‘Low-dose CT screening best for high-risk patients’
In the European Union, lung cancer is the 4th cancer in incidence with 313,000 new cases per year, but remains the number one killer, accounting to 268,000 deaths per year. Lung cancer represents 21% of all cancer deaths in the EU thereby killing more people each year than breast, prostate, colorectal and pancreatic cancer combined. Prof Mathias Goyen, Chief Medical Officer Oncology, GE Healthcare, explains how low-dose CT screening can change this situation
The overall five-year survival rate for lung cancer is among the lowest (17%) of all types of cancer but is significantly higher when the cancer is diagnosed at an early stage (54%). However, currently only 15% of lung cancer cases are diagnosed at such an early stage.(2)
Researchers have continued to seek an effective lung cancer screening tool that might decrease mortality in the way that other commonly accepted screening practices have done for their respective diseases. Early detection with low dose CT can improve prognosis and treatment and reduce mortality rates for patients with a high risk of lung cancer.
The landmark National Lung Screening Trial (NLST) was conducted at 33 medical institutions with over 53,000 older, otherwise healthy patients at high-risk due to smoking history. Half of the participants were screened using low dose CT (LDCT), the other half were screened using chest X-ray. The trial demonstrated that the use of low dose CT screening decisively reduced the mortality rate from lung cancer by 20 percent compared to use of chest X-ray. The NLST also revealed a significant 6.7% reduction in the rate of death from any cause using low dose CT screening. (3)
The Dutch-Belgian Randomised Lung Cancer Screening Trial (Dutch acronym: NELSON study) was designed to investigate whether screening for lung cancer by low-dose multi-detector computed tomography (CT) in high-risk subjects will lead to a decrease in 10-year lung cancer mortality of at least 25% compared with a control group without screening. Since the start of the NELSON study in 2003, 7155 screened participants were followed up for a median of 8.16 years, during which time 187 (3%) patients were diagnosed with 196 screen-detected cancers. In addition, 34 (<1%) patients were diagnosed with a further 35 interval lung cancers, including 19 patients in the year after screening and 15 patients in the second year after CT. When the results of the first three screening rounds were pooled with a 2-year-follow-up, CT screening was 84.6% sensitive and 98.6% specific for lung cancer detection, with positive and negative predictive values of 40.4% and 99.8%, respectively. (4)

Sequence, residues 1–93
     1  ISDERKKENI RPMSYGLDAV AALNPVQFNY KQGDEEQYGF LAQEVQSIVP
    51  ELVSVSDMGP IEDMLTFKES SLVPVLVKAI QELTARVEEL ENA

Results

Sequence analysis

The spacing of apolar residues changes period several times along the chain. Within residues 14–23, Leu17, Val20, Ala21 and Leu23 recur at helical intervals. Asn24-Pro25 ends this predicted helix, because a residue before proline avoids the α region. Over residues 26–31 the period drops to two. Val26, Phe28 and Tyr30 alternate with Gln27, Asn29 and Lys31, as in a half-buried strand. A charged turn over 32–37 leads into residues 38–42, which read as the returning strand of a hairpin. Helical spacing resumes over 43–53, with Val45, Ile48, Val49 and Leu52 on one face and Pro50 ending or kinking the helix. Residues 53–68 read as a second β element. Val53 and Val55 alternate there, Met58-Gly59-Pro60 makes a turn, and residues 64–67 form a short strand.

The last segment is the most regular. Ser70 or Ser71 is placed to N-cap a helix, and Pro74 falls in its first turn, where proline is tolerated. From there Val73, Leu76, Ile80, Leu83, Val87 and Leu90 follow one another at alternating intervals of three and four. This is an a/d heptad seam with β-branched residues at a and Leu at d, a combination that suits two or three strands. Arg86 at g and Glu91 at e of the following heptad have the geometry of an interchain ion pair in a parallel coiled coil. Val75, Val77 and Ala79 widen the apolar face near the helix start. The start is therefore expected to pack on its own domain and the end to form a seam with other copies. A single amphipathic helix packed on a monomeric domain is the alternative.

Considerations in screening
The challenge with any screening tool is finding a balance between false-negative and false-positive results. False-negative results cause false security in the patient and delay diagnosis of disease that is actually present. False-positive results cause increased anxiety for the patient, as well as increased healthcare costs and exposure to potential risks with further diagnostic procedures. An inverse relationship often exists between false negatives and false positives; a tool sensitive enough to reduce false negatives will increase false positive results.
Many questions surround the concept of LDCT screening for lung cancer. Who should be screened, how frequently, how much will it cost, and how will repeated exposure to LDCT radiation affect patients?
GE Healthcare first to receive FDA clearance for Low Dose CT Lung Cancer screening
GE Healthcare is the first company with a low dose computed tomography (CT) lung cancer screening option that is cleared by the U.S. FDA for lung cancer screening. Both the U.S. Preventative Services Task Force (USPSTF) and the Centers for Medicare and Medicaid Services (CMS) recommend the use of low dose CT lung cancer screening for high-risk individuals. Additionally, Medicare has approved insurance reimbursement for its beneficiaries who are eligible for the use of low dose CT lung cancer screening in high-risk patients. Early detection from an annual lung cancer screening with low dose CT in high-risk persons can prevent a substantial number of lung cancer–related deaths. Physicians using low dose CT for lung cancer screening will now have access to the benefits from a screening indication, including GE Healthcare’s new low-dose screening reference protocols. These new protocols are tailored to the CT system, patient size, and the most current recommendations from a wide range of professional medical and governmental organizations.
Now, qualified GE Healthcare CT scanners can be confidently used by physicians within their FDA cleared indications for use, delivering low dose, short scan times, and clear and sharp images for the detection of small lung nodules. These nodules are critical in identifying lung cancer at its earliest stages when it is the most treatable and curable.
1. The World Health Organisation
2. American Cancer Society. Cancer Facts and Figures 2015.
3. Reduced lung-cancer mortality with low-dose computed tomographic screening. N Engl J Med. 2011;365(5):395-409.
4. Detection of lung cancer through low-dose CT screening (NELSON): a prespecified analysis of screening test performance and interval cancers. Lancet Oncol. 2014 Nov;15(12):1342-50